When those boxes of heavily redacted documents start to pile in, reporters at The Narwhal waste no time in looking for kernels of news that matter the most. Just ask our Prairies reporter Drew Anderson, who gleefully scanned through freedom of information files like a kid in a candy store, leading to pretty damning revelations in Alberta. Long story short: the government wasn’t being forthright when it claimed its pause on new renewable energy projects wasn’t political. Just like that, our small team was again leading the charge on a pretty big story

In an oil-rich province like Alberta, that kind of reporting is crucial. But look at our investigative work on TC Energy’s Coastal GasLink pipeline to the west, or our Greenbelt reporting out in Ontario. They all highlight one thing: those with power over our shared natural world don’t want you to know how — or why — they call the shots. And we try to disrupt that.

Our journalism is powered by people just like you. We never take corporate ad dollars, or put this public-interest information behind a paywall. Will you join the pod of Narwhals that make a difference by helping us uncover some of the most important stories of our time?
Like a kid in a candy store
When those boxes of heavily redacted documents start to pile in, reporters at The Narwhal waste no time in looking for kernels of news that matter the most. Just ask our Prairies reporter Drew Anderson, who gleefully scanned through freedom of information files like a kid in a candy store, leading to pretty damning revelations in Alberta. Long story short: the government wasn’t being forthright when it claimed its pause on new renewable energy projects wasn’t political. Just like that, our small team was again leading the charge on a pretty big story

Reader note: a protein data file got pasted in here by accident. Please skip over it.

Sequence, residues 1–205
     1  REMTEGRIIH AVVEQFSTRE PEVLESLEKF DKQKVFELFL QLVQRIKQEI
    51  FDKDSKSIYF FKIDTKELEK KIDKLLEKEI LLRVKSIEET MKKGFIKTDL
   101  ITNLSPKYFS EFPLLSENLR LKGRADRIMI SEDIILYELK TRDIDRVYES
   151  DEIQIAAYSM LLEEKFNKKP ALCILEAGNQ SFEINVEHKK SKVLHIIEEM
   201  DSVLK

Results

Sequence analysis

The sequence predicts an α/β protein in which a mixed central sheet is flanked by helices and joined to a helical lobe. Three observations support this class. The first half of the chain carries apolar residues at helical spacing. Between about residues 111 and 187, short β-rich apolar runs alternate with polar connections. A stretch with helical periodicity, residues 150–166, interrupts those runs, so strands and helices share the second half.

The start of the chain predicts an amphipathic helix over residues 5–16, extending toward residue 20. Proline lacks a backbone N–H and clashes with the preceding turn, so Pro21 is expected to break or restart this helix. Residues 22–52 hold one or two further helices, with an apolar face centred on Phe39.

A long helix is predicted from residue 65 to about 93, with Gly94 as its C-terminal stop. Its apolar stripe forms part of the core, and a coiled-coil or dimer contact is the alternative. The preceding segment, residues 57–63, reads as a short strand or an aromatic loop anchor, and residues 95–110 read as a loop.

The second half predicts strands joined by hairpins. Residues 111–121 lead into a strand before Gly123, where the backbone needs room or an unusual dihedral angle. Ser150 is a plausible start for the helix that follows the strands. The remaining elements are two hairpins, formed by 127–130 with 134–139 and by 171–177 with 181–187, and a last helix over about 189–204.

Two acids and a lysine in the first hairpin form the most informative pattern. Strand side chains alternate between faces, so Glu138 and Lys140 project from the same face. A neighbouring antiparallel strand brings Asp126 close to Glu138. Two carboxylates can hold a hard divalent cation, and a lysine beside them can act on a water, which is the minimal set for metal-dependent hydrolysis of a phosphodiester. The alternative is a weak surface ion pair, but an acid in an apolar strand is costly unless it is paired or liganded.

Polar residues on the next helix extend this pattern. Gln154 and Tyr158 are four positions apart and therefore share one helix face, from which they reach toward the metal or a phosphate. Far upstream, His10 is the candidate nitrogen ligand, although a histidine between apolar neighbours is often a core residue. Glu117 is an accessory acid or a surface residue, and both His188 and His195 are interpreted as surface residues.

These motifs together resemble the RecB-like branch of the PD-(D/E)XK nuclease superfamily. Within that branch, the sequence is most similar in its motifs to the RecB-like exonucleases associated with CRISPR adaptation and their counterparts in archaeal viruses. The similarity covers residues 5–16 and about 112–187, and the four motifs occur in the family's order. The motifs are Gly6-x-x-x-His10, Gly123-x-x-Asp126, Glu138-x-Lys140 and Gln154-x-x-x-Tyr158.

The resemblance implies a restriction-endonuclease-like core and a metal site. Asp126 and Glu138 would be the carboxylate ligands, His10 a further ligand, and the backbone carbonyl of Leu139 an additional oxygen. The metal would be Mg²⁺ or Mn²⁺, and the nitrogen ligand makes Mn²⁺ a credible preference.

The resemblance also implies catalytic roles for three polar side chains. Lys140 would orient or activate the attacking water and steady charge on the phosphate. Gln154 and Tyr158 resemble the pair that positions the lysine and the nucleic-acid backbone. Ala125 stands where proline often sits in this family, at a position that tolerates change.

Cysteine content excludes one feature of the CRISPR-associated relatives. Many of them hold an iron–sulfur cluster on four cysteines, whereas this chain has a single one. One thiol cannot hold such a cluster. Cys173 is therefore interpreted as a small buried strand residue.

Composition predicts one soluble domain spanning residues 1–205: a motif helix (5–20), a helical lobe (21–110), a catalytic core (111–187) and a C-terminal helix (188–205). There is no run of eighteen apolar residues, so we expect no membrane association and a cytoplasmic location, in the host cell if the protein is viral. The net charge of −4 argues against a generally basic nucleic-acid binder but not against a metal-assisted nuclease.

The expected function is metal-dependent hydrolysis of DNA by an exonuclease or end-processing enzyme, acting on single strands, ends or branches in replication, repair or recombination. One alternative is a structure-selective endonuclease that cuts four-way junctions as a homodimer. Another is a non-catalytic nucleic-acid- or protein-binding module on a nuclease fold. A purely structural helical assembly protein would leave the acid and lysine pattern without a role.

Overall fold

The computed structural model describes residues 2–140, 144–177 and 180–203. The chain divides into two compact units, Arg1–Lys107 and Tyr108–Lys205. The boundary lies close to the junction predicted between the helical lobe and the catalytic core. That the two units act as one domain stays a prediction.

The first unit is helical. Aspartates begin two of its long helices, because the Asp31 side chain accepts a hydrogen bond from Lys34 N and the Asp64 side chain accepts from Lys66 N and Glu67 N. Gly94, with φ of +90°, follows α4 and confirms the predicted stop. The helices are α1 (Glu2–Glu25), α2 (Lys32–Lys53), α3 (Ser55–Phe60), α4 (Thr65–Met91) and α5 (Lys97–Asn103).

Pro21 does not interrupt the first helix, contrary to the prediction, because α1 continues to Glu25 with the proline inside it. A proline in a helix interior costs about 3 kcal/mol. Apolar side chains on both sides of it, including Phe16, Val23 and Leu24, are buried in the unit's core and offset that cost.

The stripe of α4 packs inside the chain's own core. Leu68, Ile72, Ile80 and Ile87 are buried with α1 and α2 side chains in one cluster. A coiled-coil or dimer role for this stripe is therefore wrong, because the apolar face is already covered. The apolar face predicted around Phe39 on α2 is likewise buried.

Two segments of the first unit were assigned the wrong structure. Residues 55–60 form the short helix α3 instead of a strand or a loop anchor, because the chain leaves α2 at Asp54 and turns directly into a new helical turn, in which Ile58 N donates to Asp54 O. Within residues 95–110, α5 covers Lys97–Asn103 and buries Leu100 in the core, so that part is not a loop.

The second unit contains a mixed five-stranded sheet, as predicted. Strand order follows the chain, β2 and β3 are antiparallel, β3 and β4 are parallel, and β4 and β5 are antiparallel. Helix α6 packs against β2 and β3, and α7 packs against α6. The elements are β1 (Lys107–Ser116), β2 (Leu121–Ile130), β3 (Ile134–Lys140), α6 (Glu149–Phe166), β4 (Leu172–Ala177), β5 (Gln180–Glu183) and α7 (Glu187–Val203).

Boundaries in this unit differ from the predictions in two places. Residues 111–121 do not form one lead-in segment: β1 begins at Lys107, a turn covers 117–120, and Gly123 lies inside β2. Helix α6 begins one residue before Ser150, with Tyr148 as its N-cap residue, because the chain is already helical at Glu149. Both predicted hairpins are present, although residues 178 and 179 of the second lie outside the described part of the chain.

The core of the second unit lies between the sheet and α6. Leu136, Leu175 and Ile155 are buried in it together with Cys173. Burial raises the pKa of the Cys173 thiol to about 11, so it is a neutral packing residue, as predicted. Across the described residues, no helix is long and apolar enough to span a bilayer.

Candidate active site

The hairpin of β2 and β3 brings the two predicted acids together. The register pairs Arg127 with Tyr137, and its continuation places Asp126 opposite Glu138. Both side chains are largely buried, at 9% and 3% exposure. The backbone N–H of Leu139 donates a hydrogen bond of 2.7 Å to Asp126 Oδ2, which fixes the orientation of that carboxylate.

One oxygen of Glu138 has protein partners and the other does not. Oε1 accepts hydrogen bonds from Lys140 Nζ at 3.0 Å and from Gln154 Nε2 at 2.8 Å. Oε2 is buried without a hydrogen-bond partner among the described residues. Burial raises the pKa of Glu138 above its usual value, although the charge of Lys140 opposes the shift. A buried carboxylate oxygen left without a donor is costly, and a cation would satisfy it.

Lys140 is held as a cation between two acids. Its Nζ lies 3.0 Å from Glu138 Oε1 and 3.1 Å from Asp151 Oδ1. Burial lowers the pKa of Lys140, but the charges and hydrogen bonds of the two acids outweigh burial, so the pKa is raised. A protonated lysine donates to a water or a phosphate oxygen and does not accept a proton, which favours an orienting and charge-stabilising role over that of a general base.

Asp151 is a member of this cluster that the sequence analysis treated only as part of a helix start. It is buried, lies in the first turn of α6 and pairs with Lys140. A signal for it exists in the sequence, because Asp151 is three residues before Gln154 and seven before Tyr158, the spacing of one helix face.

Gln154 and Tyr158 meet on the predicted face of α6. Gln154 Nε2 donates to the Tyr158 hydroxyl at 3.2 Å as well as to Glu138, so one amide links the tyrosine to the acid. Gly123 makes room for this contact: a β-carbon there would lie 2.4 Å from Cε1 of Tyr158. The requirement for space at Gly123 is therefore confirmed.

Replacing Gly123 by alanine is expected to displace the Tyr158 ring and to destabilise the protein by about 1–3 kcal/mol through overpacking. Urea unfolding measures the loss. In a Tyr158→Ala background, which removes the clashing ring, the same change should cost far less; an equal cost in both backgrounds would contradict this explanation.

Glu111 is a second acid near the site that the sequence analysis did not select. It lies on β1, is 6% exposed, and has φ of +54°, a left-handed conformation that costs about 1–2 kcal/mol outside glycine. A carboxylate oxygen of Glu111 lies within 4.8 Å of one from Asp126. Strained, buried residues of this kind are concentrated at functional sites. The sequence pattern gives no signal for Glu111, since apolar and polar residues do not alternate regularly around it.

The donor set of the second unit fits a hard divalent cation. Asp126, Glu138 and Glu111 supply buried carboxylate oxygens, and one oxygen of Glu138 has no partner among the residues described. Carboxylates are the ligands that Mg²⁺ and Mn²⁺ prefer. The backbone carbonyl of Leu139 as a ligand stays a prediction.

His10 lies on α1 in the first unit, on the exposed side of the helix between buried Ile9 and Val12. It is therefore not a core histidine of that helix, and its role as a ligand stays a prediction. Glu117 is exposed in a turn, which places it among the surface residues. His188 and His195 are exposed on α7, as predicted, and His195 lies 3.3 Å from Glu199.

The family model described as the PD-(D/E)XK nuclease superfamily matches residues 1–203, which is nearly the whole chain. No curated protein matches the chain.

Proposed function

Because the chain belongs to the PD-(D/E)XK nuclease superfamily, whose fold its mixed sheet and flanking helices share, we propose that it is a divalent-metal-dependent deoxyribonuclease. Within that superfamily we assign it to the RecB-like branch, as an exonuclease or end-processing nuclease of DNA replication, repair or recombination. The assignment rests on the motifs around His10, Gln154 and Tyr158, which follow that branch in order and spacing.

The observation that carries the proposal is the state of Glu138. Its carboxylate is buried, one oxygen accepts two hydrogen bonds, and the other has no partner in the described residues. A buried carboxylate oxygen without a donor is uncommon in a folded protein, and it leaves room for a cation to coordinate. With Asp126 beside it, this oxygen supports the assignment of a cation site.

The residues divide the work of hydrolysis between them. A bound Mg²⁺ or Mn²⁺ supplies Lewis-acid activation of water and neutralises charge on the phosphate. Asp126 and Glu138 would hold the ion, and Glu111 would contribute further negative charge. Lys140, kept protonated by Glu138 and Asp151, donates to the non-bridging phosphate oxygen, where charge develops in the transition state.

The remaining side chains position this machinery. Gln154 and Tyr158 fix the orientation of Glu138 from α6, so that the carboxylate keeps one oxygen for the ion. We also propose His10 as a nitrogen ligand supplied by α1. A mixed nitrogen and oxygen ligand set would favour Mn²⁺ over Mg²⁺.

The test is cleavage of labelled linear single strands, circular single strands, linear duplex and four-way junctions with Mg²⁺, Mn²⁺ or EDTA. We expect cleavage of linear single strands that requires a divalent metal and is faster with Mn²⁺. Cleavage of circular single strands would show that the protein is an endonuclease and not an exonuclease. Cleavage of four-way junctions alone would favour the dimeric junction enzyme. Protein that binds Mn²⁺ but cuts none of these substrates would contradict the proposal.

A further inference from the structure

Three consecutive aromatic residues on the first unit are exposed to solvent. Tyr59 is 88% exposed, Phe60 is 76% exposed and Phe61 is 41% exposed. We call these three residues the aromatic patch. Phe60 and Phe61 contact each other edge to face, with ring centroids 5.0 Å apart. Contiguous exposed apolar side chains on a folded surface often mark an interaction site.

In an oil-rich province like Alberta, that kind of reporting is crucial. But look at our investigative work on TC Energy’s Coastal GasLink pipeline to the west, or our Greenbelt reporting out in Ontario. They all highlight one thing: those with power over our shared natural world don’t want you to know how — or why — they call the shots. And we try to disrupt that.

Our journalism is powered by people just like you. We never take corporate ad dollars, or put this public-interest information behind a paywall. Will you join the pod of Narwhals that make a difference by helping us uncover some of the most important stories of our time?

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Our newsletter subscribers are the first to find out when we break a major investigation. Want in? Sign up for free to get the inside scoop on The Narwhal’s reporting on the natural world.
Hey, are you on our list?
An illustration, in yellow, of a computer, with an open envelope inside it with letter reading 'Breaking news.'